why is it only a research toy?
developed the chip simulator for the Cyclops processor and
worked on system software for the Blue Gene/C machine.
Since 2003, he has been leading the Compilers team in the
PERCS project (IBM’s entry in the DARPA HPCS program). As
part of this effort he is leading the development of the IBM
xlUPC compiler and the Continuous Program Optimization
project. He is also the project lead for transactional memory
evaluation in IBM Research. He obtained an M.S. in computer engineering from Technical University Cluj-Napoca,
Romania, in 1991, M.S. in computer science from West
Virginia University in 1995, and Ph.D. from the University of
Illinois at Urbana-Champaign in 2000.
COLIN BLUNDELL is a fifth-year graduate student at the
University of Pennsylvania, where he is pursuing his Ph.D.
under the supervision of Professor Milo Martin. His primary
reseach interests are in multiprocessor performance and
programmability, including memory consistency, cache
coherence protocols, and hardware mechanisms for enabling
HAROLD “TREY” CAIN is a research staff member at IBM’s
T.J. Watson Research Center, where he conducts research
on the microarchitecture and memory system of highly
multithreaded processors. He has coauthored more than 20
publications in the areas of multiprocessor memory system
design, processor microarchitecture, simulation methodology, and the characterization of commercial server applications. Cain holds a Ph.D. and M.S. in computer science from
the University of Wisconsin, and a B.S. from the College of
William and Mary. His graduate research was selected as a
2004 “Top Pick” in computer architecture by IEEE Micro. His
accent comes from the hills of eastern Kentucky.
MAGED M. MICHAEL is a research staff member at IBM’s
T.J. Watson Research Center. He received a Ph.D. in computer science from the University of Rochester. His research
interests are primarily in concurrent algorithms, concurrent
programming, and concurrent memory management. He is
the designer of well-known concurrent algorithms, including
lock-free malloc, hazard pointers, and nonblocking algorithms for common data structures. His algorithms are used
in commercial standard libraries, runtime systems, middle-ware, and realtime systems.
PENG WU is a research staff member at IBM’s T.J. Watson
Research Center and a member of the programming models
and tools for scalable systems group. Her work has been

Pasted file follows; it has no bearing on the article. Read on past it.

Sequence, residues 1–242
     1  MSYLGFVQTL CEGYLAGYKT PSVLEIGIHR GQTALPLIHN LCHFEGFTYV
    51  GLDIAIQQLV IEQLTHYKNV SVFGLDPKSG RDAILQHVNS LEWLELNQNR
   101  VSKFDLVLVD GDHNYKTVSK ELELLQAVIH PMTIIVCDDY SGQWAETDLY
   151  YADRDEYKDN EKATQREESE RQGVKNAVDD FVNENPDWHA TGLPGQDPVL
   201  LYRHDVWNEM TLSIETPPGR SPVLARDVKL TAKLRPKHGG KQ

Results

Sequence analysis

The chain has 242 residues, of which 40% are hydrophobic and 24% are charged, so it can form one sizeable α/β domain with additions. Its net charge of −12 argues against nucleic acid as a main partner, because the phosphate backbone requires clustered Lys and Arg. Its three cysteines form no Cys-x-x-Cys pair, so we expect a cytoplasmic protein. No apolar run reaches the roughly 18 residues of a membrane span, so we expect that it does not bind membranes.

centered around building a high-performance and high-productivity programming environment. Her past work on
simdization has resulted in the first product release of an XL
compiler with simdization capability and more than a dozen
patents. More recently, she has been working on compiler
and language supports for transactional memory and thread-level speculation. She received a Ph.D. in computer science
from the University of Illinois at Urbana-Champaign in 2001.
STEFANIE CHIRAS is a manager in IBM’s Systems and
Technology Group, leading a team responsible for technology and mainframe test. Prior to this role she was a research
staff member in IBM Research, managing a team developing next-generation memory systems and incorporating
emerging memory technologies. She joined IBM Research in
2001 as part of the Back End of Line Reliability team, after a
postdoctoral position at Princeton University in the Princeton
Materials Institute. She holds an M.S. and Ph.D. in materials
science from the University of California at Santa Barbara.
SIDDHARTHA CHATTERJEE is director of the Austin
Research Laboratory, one of IBM’s eight worldwide research
laboratories. He also serves as the research area strategist
for systems architecture. He has held technical, managerial, executive, strategy, and staff positions during his time
in the IBM Research Division. Most recently, he was senior
manager of the Systems Solutions and Architecture group
at IBM’s T.J. Watson Research Center. Earlier, he was the
leader of the Blue Gene performance team. Chatterjee
received a B. Tech. in electronics and electrical communications engineering in 1985 from the Indian Institute of
Technology, Kharagpur, and Ph.D. in computer science in
1991 from Carnegie Mellon University. Before joining IBM
Research, he was a visiting scientist at the Research Institute
for Advanced Computer Science (RIACS) in Mountain View,
California, from 1991 through 1994, and was assistant and
associate professor of computer science at the University of
North Carolina at Chapel Hill from 1994 through 2001. He
is currently an adjunct professor of computer science at the
University of Texas at Austin.
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